“Fury,” another long-awaited film, cashes in on being a real war movie. Since “Saving Private Ryan,” there has not been another like it. With a killer cast and a score that would give a horror film a run for its money, “Fury” is a brilliant success.
“Fury” takes us back to the last leg World War II. A battle-hardened sergeant by the name of “Wardaddy” and the rest of his crew must take its Sherman tank on a deadly mission behind enemy lines in Nazi Germany.
Each man is tired and homesick, but they must continue their fight so they may see home once more.
As they become outnumbered, outgunned, they will face odds so far out of their depth that their attempts will render them heroes as they fight to the end.
The film stars Brad Pitt, Logan Lerman, Shia LaBeouf, Michael Pena, Jon Bernthal and Jason Isaacs. “Fury” is written and directed by David Ayer.
When producing a movie of this magnitude, it is important to have one lead actor who can take charge of the screen.This film was destined for greatness when Brad Pitt took on that role as Sgt. Don “Wardaddy” Collier.
Pitt commands and shows tough love as he leads this small group of talented actors. Pitt could be our generation’s Charlton Heston.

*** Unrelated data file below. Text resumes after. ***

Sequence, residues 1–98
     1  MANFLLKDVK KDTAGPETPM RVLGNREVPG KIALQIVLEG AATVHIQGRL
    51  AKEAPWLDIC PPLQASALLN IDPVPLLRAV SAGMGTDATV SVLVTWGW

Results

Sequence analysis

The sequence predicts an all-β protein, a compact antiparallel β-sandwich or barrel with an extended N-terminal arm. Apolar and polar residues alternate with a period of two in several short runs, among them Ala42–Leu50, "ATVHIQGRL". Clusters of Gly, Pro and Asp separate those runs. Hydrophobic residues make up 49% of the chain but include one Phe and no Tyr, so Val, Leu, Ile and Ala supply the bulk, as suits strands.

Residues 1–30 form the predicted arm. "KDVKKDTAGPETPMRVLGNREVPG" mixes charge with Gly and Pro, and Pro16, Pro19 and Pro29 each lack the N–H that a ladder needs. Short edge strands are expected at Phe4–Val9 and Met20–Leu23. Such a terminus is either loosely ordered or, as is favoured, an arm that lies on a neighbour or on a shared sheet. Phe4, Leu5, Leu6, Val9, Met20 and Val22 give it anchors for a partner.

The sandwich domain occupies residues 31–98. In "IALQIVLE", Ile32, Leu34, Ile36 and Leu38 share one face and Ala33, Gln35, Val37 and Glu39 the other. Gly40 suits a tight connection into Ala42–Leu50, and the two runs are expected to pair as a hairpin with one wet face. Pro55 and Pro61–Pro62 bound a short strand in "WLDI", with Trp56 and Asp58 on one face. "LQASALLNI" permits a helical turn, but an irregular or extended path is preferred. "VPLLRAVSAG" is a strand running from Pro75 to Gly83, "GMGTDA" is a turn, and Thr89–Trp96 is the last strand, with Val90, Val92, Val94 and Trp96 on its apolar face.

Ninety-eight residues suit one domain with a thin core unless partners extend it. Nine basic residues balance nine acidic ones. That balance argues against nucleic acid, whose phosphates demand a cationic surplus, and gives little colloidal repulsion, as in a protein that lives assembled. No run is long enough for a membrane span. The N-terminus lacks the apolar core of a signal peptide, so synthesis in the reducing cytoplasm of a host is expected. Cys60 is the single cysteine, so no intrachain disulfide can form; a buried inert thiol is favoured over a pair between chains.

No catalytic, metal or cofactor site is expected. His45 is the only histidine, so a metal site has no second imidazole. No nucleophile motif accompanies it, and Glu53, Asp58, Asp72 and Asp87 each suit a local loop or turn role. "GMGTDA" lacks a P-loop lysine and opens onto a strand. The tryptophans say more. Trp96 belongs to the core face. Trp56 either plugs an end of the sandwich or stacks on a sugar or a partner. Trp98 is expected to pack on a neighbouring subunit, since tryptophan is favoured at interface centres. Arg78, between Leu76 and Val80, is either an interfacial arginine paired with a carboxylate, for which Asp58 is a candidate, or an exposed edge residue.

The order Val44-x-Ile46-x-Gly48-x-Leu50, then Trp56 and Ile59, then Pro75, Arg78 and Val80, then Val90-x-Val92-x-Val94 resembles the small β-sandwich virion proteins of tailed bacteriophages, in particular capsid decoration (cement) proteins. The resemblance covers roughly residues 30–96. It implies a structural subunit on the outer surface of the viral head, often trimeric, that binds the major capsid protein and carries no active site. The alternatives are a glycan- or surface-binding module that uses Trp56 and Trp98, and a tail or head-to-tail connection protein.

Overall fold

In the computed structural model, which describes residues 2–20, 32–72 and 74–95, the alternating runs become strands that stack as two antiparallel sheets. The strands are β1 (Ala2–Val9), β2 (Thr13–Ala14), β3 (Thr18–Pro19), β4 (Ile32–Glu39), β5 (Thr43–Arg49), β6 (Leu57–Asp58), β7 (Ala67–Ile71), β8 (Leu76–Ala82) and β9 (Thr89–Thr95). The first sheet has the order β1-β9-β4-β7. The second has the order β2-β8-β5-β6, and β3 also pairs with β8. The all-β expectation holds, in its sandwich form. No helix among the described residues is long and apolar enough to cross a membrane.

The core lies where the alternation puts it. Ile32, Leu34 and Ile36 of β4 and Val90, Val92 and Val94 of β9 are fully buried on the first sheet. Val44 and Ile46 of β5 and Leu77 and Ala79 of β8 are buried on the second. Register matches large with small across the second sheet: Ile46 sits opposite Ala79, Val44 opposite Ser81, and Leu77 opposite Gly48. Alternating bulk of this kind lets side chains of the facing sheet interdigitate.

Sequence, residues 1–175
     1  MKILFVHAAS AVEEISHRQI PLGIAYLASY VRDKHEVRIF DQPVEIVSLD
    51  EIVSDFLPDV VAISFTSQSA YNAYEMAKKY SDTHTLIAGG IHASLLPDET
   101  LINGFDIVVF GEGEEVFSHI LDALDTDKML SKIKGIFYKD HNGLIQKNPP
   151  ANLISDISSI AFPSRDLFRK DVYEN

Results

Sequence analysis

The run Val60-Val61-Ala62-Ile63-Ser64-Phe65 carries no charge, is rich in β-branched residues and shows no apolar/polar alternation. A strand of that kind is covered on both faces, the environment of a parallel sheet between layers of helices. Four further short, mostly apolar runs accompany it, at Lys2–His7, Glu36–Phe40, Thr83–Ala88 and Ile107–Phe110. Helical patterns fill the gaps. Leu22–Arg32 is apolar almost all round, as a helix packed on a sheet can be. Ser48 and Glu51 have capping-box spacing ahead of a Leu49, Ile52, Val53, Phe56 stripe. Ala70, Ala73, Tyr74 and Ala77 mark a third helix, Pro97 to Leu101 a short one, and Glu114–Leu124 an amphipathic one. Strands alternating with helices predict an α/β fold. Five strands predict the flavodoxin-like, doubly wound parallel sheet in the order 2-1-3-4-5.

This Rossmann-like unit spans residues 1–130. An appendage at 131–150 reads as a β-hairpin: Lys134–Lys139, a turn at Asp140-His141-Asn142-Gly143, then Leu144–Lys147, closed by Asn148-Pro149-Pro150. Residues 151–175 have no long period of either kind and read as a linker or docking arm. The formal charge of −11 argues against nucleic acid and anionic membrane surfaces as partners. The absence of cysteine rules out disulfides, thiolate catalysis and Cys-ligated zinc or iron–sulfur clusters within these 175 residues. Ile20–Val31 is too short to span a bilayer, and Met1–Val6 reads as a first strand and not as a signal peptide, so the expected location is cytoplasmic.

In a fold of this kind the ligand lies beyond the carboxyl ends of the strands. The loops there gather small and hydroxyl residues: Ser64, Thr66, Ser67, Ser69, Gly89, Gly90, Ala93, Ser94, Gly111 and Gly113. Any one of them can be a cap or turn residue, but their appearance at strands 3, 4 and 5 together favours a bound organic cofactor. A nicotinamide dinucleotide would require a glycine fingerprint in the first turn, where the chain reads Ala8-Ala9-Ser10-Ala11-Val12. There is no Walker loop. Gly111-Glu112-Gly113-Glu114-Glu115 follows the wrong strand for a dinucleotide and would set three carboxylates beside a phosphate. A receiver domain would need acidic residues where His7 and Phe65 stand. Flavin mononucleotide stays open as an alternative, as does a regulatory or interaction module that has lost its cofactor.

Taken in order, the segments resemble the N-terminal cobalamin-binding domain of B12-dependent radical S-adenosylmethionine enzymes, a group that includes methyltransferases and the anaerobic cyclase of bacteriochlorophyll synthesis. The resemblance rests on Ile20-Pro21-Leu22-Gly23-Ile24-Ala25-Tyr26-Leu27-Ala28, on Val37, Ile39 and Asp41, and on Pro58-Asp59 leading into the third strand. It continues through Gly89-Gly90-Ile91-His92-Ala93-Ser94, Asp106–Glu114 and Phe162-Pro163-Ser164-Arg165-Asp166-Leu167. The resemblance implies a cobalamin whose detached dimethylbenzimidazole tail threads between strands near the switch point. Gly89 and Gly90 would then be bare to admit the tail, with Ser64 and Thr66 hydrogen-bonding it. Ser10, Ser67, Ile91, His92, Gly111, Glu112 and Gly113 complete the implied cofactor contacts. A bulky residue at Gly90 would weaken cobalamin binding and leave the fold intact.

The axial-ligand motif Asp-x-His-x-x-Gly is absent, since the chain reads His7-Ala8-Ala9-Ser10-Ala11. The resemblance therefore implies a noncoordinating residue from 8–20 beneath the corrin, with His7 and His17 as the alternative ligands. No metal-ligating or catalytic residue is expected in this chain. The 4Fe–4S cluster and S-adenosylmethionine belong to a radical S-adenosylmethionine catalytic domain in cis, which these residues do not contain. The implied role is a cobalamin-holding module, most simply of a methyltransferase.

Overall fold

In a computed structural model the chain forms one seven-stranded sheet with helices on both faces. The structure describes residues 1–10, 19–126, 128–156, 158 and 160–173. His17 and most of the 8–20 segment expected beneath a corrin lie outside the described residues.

I don’t know if there is something in the water in Hollywood, but with other films this month such as “Gone Girl” and “The Judge,” we have seen so many big- name actors give such levels of complete vulnerability and Pitt does exactly the same. As a film lover, I find this refreshing.
Seeing Pitt and Lerman together on screen is spooky because as you watch the two of them together you know deep down that Lerman could quite possibly be the next generation’s version of Pitt. Lerman, who has already worked with Russell Crowe and Jim Carrey, is astonishing in this film.
We see this kid we all love struggle and then bear witness to the brutal schooling he must take to manhood.
Manning the rest of the tank is the trio of LaBeouf, Pena and Bernthal. LaBeouf is such a revelation and gives a performance so profound that all of his past transgressions as an actor are forgiven. Pena provides comic relief especially since Bernthal is unrecognizable as a hardcore redneck with a heart of gold.
Ayer, who recently directed the gritty cop drama “Sabotage,” has another success on his hands.
Not only do you feel like you are in Nazi Germany, but the actions out of these five unlikely souls is brutal.
With an eerie score by Steven Price, we are able to see the demons these men have as they try to survive war.
Story by John Gruccio, Contributing writer